Fake greenery sounds easy. Buy and store a wreath for your door, and you can pull it out year after year.
But there are many more benefits to decorating with real, food-boosting greenery, holly, and ornaments, especially outdoors, local growers and florists say — not only for natural beauty, but also for the benefit of birds.
Multiple species of holly are found growing naturally in the Hudson Valley, including winterberry and American holly. (The charmingly named possumhaw has also been spotted here, although the region is fairly far north in the range for that species of red-berried plant.)
“In the winter the berries of winterberry are incredibly vibrant. They pop,” says Jeff Binkley, project manager for native nursery One Nature LLC in Beacon. “They’re a food source for wildlife, which is a plus — songbirds and a range of small mammals.”
Foraging for greenery isn’t necessarily recommended, at least beyond your own yard. It’s prohibited in New York state parks, as well as Scenic Hudson parks, since it can disturb habitats. Instead, consider planting your own winterberry or American holly bush, asking a friend or neighbor to trim off a bit of theirs, or buying a wreath with winterberry locally.
When you plant site-appropriate native species, “those are the plants that will be most likely to succeed, because they’re from this area, and they’ve evolved to succeed under the climatic conditions we have here,” Binkley says. “Likewise, the wildlife species here have evolved to rely on these species for food, for structure, for shelter. Our environment is under constant pressure from introduced non-native species that have escaped the garden and can have disastrous effects on our local ecosystem.”
As fresh wreath-making has become more and more popular, local workshops using regional greenery and vibrant touches like winterberry are popping up everywhere from Catskill Mountain Gardening & Boutique in Kingston to the Hudson Valley Wreath Co. in Hopewell Junction. The Parcel Flower Co. in Cold Spring also offers a DIY winter wreath kit of all natural, biodegradable, and locally grown materials, says owner Marcella Rodriguez Broe. Grapevine forms the structure of the wreaths, and conifers like noble fir and white pine form the green base. Winterberry adds a pop of red, and juniper adds contrasting blue berries.
The wreaths are meant to last all season long, and multiple customers have told her they’ve left theirs up through spring because birds have nested in them. “Conifers have a wax coating on the leaf, which is why they stay hydrated for so long,” Broe says. “It’s mostly the greens and the grapevine leaf that birds feel at home in, and then probably having the berries nearby encourages them with a food source. It’s beautiful to get to see the little birds actually leave the nest.”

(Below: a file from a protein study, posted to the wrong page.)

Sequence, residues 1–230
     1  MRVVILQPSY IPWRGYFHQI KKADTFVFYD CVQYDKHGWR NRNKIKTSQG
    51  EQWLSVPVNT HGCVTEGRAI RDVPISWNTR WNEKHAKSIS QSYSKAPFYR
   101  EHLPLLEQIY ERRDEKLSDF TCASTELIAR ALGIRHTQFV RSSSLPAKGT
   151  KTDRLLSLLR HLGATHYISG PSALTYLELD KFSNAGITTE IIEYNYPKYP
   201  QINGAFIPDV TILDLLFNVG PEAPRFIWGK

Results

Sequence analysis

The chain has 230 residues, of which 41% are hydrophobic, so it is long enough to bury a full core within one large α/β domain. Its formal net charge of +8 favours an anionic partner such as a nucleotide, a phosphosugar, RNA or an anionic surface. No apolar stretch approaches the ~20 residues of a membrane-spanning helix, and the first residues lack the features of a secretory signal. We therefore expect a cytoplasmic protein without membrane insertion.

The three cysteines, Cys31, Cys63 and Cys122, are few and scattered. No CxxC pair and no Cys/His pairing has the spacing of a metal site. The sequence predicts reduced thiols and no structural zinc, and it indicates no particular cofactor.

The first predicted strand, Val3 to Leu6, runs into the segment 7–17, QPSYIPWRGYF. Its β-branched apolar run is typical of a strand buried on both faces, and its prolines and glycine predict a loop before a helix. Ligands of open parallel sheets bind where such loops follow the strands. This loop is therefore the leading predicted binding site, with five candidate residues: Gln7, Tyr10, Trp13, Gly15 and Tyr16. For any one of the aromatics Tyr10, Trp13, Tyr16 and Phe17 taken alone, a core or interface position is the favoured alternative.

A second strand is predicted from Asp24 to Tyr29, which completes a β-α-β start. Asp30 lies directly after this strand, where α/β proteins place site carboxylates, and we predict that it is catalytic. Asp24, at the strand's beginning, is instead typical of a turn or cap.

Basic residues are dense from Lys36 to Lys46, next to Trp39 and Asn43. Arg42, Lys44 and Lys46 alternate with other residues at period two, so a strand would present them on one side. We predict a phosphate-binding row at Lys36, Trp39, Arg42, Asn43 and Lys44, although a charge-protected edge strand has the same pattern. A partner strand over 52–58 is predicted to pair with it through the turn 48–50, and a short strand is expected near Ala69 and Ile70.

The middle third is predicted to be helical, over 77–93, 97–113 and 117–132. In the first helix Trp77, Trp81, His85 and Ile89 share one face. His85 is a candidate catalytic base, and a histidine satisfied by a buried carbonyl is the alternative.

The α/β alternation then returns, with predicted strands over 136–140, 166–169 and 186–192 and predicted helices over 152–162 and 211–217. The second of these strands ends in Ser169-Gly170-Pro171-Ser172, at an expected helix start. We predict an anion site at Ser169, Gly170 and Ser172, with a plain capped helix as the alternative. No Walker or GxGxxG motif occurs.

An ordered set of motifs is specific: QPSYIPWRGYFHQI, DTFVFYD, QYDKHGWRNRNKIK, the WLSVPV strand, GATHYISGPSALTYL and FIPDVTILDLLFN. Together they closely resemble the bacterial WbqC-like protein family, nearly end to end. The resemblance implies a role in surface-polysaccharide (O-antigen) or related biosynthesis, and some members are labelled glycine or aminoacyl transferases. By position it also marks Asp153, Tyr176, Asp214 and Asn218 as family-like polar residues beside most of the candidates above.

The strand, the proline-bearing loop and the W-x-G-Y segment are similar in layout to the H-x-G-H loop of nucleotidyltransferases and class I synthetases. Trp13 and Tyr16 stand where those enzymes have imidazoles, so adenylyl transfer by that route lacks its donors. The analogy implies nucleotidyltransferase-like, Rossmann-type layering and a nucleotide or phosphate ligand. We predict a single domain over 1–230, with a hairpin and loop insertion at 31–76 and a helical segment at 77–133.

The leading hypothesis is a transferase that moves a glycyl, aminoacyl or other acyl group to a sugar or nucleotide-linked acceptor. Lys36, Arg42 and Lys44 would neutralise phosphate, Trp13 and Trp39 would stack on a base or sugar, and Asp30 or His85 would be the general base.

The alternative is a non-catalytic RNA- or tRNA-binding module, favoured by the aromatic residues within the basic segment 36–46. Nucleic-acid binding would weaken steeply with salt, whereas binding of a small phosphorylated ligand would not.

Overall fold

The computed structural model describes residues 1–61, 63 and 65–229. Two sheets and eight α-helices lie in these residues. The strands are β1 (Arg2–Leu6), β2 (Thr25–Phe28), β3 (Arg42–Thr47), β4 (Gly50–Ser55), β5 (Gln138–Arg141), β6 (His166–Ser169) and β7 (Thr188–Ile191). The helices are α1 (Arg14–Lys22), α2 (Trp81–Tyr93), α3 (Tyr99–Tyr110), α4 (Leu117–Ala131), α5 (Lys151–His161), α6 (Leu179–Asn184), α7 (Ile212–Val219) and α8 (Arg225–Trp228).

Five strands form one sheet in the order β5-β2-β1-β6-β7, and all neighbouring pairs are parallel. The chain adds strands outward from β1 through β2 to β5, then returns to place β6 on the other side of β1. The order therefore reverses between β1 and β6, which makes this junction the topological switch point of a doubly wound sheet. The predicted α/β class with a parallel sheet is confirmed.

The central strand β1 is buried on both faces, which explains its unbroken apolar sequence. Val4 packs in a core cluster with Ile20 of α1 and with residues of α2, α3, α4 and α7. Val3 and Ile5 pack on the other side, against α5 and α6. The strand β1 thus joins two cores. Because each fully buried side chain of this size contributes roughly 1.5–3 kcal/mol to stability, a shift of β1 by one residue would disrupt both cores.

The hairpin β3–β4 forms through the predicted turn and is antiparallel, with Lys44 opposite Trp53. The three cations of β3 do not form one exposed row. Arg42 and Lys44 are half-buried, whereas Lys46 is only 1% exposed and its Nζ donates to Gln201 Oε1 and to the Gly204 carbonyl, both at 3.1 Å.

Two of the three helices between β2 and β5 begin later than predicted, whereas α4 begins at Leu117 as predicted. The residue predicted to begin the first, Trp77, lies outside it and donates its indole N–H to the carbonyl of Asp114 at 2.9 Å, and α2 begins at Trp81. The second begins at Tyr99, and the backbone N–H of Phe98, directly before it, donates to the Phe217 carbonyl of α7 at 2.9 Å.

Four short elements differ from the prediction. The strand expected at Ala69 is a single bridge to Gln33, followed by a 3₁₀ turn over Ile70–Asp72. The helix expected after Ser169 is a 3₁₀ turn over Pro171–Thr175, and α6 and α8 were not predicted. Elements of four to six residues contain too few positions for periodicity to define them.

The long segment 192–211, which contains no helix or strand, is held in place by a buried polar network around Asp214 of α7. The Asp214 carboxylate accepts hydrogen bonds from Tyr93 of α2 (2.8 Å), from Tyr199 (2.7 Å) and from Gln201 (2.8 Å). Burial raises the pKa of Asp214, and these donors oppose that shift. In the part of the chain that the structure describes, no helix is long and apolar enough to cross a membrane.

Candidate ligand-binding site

The one holiday decoration you don’t want to go native on, however, actually is found naturally in the region: mistletoe. Eastern dwarf mistletoe is a native species to the Hudson Valley, but it’s a parasitic perennial. “The mistletoe can pretty much devastate stands of spruce and other conifers, so it’s definitely something you wouldn’t want to introduce into your yard,” Binkley says. “It has its place in the ecosystem, but the role that it plays is typically at odds with the goals of most homeowners.”
To keep your wreaths and other natural decorations avian-friendly, avoid netting or strings that might catch or injure birds, experts say. Put decals on windows so birds don’t fly into them.
And be careful with lights. Take care not to damage branches when you string them, and be thoughtful about when they’re on. “Light pollution is a huge problem for a number of species,” Binkley says. “It can be disruptive to migratory patterns and increase predation on certain species that normally forage dawn to dusk — when there’s light pollution they forage later into the evening.”
Another way to be bird-friendly with your decorations: consider hanging natural ornaments from your trees that are actually meant to feed flyers. They could be as simple and easy as a pinecone spread with peanut butter and sprinkled with birdseed. Or you could use clear gelatin, cookie cutters, and birdseed to DIY ornaments in festive shapes.
These kinds of decorations don’t have to be limited to the holidays, either — they can be left up all winter long. As Broe says: “It’s a way of having a little bit of life when everything is in hibernation.”